(Sample story from “Tales from the Bus Leagues”)
One of the quaintest towns in central New York state is Hamilton. Hamilton lies in the Chenango Valley, just south of the headwaters of the Chenango River in Madison County. It is plush green in the summer and pristine white in the winter. The colonial houses line the tranquil streets surrounding the picturesque campus of historic Colgate University. As soon as you set foot in Hamilton, N.Y., you develop a sudden craving for tea and crumpets and readings of the works of Robert Frost and Leo Tolstoy.
Colgate University, which accounts for 50 percent of the village of Hamilton’s population, was one of our conference rivals when I played at Clarkson University. Colgate lays claim to several NHL alumni, such as Mike Milbury and Andy McDonald, as well as all five members of Broken Lizard, the creators and lead actors in cult comedy hit movies “Super Troopers” and “Beerfest.” Starr Arena is a small shoebox of a rink, but it holds one distinct advantage over many of the other arenas in the ECAC, a bowling alley practically right outside of the visitors dressing rooms.
Every time we went to play at Colgate, we stayed at the Colgate Inn, which is a Dutch Colonial-style inn that opened in 1925. The inn is known for its elegant ballroom, stylish parlors and cozy rooms. It is a haven for highbrows, scholars and artisan travelers. It was hardly typical of the Red Roof Inns and Courtyard Marriotts that we normally stayed at.
The first thing I noticed about the historic inn was how narrow the hallways were. The rooms themselves looked like they belonged to Little Red Riding Hood’s grandmother. I half expected to open the door and find a 90-year-old lady knitting an afghan in front of a well- stoked fire while watching reruns of “Murder She Wrote.” All of the furniture, from the side tables to the chairs and beds, were teak. Rumors were that the inn was haunted, and it wasn’t implausible to see why.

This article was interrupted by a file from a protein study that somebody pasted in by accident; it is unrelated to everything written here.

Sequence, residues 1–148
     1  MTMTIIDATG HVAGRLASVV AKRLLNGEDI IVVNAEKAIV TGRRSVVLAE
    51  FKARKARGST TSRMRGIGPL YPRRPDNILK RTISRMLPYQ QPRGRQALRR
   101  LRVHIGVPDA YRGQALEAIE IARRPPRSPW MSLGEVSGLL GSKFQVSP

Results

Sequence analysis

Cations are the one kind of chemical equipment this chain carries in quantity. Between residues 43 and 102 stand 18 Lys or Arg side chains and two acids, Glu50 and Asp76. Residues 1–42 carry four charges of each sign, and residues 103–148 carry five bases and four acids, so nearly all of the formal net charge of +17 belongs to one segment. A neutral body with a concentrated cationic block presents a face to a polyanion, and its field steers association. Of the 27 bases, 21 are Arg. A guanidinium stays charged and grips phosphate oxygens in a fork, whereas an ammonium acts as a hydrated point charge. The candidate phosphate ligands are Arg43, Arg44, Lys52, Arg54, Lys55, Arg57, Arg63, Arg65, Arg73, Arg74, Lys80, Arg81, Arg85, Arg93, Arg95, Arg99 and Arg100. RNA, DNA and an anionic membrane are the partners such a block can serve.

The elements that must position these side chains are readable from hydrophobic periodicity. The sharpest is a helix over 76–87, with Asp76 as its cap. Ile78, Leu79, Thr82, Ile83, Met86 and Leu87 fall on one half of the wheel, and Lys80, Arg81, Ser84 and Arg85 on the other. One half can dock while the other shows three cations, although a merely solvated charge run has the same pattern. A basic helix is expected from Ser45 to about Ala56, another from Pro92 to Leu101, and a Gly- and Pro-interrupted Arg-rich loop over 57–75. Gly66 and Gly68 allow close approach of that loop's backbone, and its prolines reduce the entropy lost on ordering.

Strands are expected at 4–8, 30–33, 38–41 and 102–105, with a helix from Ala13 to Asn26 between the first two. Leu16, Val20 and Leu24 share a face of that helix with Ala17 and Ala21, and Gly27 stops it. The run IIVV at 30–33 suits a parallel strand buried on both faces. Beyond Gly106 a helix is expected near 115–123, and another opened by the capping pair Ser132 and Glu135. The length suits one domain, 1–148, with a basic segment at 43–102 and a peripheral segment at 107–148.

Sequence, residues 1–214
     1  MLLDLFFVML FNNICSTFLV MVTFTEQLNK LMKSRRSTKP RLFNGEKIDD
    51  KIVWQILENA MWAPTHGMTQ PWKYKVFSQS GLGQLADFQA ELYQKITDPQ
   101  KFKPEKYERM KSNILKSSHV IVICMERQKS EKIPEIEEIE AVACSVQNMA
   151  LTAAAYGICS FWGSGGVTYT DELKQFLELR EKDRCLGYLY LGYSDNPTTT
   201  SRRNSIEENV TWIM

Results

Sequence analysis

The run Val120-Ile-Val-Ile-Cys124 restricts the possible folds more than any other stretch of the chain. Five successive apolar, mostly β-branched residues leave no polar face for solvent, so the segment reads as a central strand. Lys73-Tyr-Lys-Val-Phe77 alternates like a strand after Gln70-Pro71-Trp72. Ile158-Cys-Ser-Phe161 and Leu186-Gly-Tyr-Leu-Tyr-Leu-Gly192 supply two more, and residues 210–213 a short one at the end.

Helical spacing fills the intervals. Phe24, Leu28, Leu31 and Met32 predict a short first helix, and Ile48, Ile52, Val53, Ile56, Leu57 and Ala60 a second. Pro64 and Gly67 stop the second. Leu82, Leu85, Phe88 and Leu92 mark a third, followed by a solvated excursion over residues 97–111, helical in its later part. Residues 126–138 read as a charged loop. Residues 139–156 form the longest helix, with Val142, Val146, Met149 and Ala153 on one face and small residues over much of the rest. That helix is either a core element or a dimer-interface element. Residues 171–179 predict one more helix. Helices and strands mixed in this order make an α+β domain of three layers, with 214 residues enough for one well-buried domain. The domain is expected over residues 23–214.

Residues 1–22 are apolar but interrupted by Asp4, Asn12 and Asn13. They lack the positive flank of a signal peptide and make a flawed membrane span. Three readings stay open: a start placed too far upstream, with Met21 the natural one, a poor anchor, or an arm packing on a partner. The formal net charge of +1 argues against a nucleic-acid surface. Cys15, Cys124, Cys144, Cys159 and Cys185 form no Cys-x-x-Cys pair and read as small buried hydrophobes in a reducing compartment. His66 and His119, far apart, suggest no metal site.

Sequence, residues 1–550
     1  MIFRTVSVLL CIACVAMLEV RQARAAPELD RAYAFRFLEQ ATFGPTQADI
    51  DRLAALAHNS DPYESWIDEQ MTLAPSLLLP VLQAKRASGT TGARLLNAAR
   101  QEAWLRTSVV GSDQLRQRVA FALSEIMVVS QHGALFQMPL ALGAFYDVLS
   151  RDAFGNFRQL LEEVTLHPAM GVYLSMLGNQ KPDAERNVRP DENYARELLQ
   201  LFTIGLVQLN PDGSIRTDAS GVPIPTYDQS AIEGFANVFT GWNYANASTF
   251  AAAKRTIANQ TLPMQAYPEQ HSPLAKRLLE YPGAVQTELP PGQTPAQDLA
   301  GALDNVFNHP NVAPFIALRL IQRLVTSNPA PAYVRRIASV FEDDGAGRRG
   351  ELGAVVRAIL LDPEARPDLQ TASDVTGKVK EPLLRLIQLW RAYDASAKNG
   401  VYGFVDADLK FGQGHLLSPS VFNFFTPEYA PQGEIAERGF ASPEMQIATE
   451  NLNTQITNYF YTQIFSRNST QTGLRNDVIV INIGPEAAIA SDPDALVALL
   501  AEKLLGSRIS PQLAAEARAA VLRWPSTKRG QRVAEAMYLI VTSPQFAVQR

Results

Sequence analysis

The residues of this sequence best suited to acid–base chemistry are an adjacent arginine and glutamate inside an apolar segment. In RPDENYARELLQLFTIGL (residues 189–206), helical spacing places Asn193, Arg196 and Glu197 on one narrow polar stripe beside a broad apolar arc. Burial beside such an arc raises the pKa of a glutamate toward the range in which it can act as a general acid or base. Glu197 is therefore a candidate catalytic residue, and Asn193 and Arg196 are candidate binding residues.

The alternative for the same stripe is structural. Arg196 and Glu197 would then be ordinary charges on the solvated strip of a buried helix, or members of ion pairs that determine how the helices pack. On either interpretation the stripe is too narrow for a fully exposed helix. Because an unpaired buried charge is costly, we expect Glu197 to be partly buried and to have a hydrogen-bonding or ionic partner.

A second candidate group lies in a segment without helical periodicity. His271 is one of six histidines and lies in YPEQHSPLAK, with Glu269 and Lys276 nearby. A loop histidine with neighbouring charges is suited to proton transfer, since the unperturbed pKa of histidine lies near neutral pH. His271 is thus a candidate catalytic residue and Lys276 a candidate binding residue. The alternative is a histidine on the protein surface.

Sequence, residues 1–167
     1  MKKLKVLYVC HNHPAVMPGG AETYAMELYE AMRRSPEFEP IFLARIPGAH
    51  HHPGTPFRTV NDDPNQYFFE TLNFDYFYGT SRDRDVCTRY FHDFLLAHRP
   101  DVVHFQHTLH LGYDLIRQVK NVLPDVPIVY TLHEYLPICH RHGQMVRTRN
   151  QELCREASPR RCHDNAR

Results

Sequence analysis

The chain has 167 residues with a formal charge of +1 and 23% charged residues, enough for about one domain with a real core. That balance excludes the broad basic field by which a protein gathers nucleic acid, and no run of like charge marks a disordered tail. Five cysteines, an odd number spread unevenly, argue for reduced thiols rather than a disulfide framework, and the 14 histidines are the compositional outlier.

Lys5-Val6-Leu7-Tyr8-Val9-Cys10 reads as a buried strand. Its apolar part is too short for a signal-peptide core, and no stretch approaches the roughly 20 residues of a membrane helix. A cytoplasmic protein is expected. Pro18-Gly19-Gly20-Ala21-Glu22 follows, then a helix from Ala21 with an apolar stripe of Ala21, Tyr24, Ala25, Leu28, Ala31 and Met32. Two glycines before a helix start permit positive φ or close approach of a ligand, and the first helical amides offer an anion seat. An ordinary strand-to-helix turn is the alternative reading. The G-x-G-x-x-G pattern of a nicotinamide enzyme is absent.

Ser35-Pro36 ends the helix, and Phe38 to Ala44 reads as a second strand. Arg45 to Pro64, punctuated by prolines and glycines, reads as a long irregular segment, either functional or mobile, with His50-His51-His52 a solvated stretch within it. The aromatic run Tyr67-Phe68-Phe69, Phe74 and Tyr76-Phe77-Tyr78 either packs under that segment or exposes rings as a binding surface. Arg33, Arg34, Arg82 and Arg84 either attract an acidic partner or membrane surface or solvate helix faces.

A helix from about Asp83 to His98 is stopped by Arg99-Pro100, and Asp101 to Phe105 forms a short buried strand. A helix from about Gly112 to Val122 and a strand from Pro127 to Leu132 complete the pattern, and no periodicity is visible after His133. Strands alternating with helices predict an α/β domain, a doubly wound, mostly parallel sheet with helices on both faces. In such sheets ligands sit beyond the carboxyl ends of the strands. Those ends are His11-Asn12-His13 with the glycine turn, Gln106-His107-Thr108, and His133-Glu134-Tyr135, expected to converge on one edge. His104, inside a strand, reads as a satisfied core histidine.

After unpacking some of our gear, my road trip roommate and I decided to flip on Sportscenter and relax. There was only one problem. When we flopped down on the beds, the mattresses engulfed our bodies like waves and our legs hung over the end of the bed. These “Bert and Ernie” single beds were only five and a half feet in length.
Just before the Sportscenter Top Ten came on, my roommate went into the tiny bathroom to get ready for bed. Ten minutes later he came out, just in time for the Top Ten, after which we shut off the TV and lights and went to bed.
The next morning, at about 6:35 a.m., our phone rang. I looked at the clock, saw the time and ignored the call. Our wakeup call was set for 7:30, so obviously someone had the wrong number. After ignoring the call, the phone began ringing again. This time I picked it up and groggily answered. The person on the other end of the line was a frantic inn employee. “Excuse me, sir. Is the toilet overflowing in your bathroom?”
I asked them to hold on, put down the receiver and went to the bathroom to check. When I opened the door, I saw that the floor was covered in poopy water. I woke up my roommate and said: “Hey! You clogged the shitter last night, man. Look! It’s all over the floor.”
Apparently, the water had been running all night and had pooled under the tile in the bathroom, leaking down into the ceiling of the ballroom below us. Our team breakfast was cancelled on account of a shit storm!
When we went downstairs, we were met with quite a sight. The pristine ballroom ceiling was bowed down with a massive pocket of sewage. Plumbers, wait staff and bellhops were hastily moving tables and clearing off glassware and cutlery. One particular maintenance worker was on a ladder just beneath the pocket of filth, removing an elegant chandelier.
The next time we played at Colgate, we stayed outside of town at the Red Roof Inn. Hockey players, you can dress them up, but you can’t take them out.